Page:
The president has said that math and science breakthroughs are the way out of this economic crisis, but U.S. math and science scores are low among developed countries.

This begs the questions...
  • Is U.S. math and science education failing our students?
  • What can be done to help math and science teachers to better educate students?
According to research, students who had teachers that hold degrees in math and/or science score higher on math and science tests. This makes sense. As my principal has often said, "you can't teach what you don't know." Yet, about 75% of math and science teachers do not have an undergraduate degree (major or even minor) in the subjects they are teaching. This begs the question of whether they are literate or not in the subject(s) they are teaching.

  • Do the Praxis tests that teachers take prove that teachers are literate in their subject?
I find it interesting that acceptance scores are not equal on these tests. It's almost as if whatever subject is in high demand, accepts lower test scores. There are some subjects that are in such high demand that CT is offering to give teachers full certification for reaching a certain score on the content Praxis test. Excellence scores can be found here.

Research has shown that a great teacher is the most important factor in boosting student achievement for any subject. This includes such factors as socioeconomic status, class size, curriculum design, and parents’ educational levels. It has been showed that students of these highly effective teachers make about three times the academic gains of those with less talented teachers, regardless of the students’ demographics.
  • Why aren't teachers with low qualifications let go?
  • How can the competence level of teachers be improved?
Many teachers start teaching despite low salaries because they are trying to make a difference. I have often found that the difference they want to make has a time limit. It's almost as if the change does not happen fast enough, they become frustrated and leave the profession all together if they can. If they can't, they continue to teaching, converting to the dark side, becoming jaded teachers that take out their frustration on students year after year until they think becoming an administrator is the way to go. Maybe this is how "mean administrators" get created.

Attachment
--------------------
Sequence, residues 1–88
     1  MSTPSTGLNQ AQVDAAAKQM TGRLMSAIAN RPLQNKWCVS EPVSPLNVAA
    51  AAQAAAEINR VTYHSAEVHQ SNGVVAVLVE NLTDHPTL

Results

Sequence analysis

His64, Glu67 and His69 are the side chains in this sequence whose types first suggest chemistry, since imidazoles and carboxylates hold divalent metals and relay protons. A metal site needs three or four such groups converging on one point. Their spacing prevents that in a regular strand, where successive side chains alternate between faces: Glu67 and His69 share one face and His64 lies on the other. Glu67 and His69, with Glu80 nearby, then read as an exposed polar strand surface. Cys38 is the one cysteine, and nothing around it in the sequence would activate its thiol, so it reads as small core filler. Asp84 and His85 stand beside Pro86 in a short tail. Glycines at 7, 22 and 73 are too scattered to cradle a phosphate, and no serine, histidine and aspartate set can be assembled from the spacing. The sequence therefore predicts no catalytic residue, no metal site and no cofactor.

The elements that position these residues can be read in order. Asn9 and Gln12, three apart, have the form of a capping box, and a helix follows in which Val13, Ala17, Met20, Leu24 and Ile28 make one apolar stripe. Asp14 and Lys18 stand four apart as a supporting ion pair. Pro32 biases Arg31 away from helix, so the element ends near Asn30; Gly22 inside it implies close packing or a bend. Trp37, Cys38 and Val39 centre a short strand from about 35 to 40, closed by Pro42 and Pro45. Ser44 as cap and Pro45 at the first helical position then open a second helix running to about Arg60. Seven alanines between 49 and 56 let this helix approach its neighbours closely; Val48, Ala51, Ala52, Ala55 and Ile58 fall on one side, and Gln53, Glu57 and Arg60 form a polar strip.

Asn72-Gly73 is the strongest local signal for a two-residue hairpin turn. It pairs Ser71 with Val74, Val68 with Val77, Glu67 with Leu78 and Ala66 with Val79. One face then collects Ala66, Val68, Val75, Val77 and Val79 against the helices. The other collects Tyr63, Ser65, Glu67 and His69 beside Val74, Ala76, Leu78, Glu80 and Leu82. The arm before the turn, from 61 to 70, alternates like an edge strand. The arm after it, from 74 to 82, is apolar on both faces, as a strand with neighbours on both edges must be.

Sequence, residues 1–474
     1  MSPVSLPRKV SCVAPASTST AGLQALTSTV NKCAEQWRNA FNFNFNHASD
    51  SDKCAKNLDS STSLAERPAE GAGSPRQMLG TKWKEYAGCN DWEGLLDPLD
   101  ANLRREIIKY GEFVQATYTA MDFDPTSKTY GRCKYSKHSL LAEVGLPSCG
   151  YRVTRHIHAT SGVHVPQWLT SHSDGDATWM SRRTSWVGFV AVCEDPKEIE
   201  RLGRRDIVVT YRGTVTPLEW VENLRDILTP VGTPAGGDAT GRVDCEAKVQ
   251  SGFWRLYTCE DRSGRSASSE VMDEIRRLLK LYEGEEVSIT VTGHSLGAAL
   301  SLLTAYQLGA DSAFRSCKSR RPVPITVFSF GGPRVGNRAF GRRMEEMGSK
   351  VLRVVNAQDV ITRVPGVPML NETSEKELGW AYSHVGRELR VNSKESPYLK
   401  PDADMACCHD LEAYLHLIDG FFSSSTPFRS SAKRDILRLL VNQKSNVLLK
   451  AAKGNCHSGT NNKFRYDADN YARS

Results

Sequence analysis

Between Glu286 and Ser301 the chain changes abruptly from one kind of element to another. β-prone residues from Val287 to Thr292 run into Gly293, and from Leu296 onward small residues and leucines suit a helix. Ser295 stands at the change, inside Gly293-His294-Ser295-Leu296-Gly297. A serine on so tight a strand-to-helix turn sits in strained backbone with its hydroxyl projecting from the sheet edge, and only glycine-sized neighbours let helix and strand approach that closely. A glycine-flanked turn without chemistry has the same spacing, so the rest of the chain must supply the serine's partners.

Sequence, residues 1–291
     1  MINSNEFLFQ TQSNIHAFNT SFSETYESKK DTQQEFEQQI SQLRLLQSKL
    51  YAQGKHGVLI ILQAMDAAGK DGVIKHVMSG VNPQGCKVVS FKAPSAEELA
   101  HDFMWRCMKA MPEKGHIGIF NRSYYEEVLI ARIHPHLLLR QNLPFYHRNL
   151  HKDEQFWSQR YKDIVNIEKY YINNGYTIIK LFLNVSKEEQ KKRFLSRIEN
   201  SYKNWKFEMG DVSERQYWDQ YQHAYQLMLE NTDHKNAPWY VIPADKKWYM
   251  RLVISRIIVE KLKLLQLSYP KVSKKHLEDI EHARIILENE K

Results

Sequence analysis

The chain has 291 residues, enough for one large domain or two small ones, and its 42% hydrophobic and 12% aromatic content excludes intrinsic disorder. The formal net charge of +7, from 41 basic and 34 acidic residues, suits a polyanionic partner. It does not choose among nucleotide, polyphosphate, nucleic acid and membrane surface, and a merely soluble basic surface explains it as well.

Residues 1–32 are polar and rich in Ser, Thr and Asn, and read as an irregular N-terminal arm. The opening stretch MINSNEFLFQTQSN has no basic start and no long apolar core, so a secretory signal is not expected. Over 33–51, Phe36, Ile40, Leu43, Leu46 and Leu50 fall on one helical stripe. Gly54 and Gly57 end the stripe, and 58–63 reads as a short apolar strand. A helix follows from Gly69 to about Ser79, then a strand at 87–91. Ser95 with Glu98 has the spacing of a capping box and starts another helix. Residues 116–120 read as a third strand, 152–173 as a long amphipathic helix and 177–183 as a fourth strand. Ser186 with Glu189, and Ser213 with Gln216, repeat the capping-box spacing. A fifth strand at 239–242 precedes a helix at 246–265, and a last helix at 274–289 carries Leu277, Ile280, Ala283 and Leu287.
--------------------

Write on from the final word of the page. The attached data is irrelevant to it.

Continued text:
With research stating that teachers with academic majors in the subjects they teach have better results, I feel a sense of justification. There is no substitute for an expert in the field. Through the experiences that I have observed throughout my seven years of teaching with different colleagues, I have noticed that there is a difference.

Rather than have merit pay (which is backed up by little data), could there be a distinction between merit pay and teachers that have minimum requirements to teach? Teachers can increase on the pay scale based on their increasing knowledge attained involving a major in the subject they teach. Getting my first master's degree in educational leadership increases my level on the pay scale even though I was not an administrator. My second master's in math (which I teach) also increased my level on the pay scale although I feel as though it is much more justified (because I teach that subject).
  • Could this model work with other teachers?
  • Should academic master's degrees in the subject be worth more than some other master's degree in education?
  • Would student learning improve?
  • How can we find out what teacher should know and be able to do and reward them for it?
Don't get me wrong. I'm not saying that content knowledge trumps context knowledge. Pedagogy and practice is just as important (if not more) than content knowledge. I'm more speaking on the teachers with equal training in pedagogy and content (not just pedagogy or not just content).
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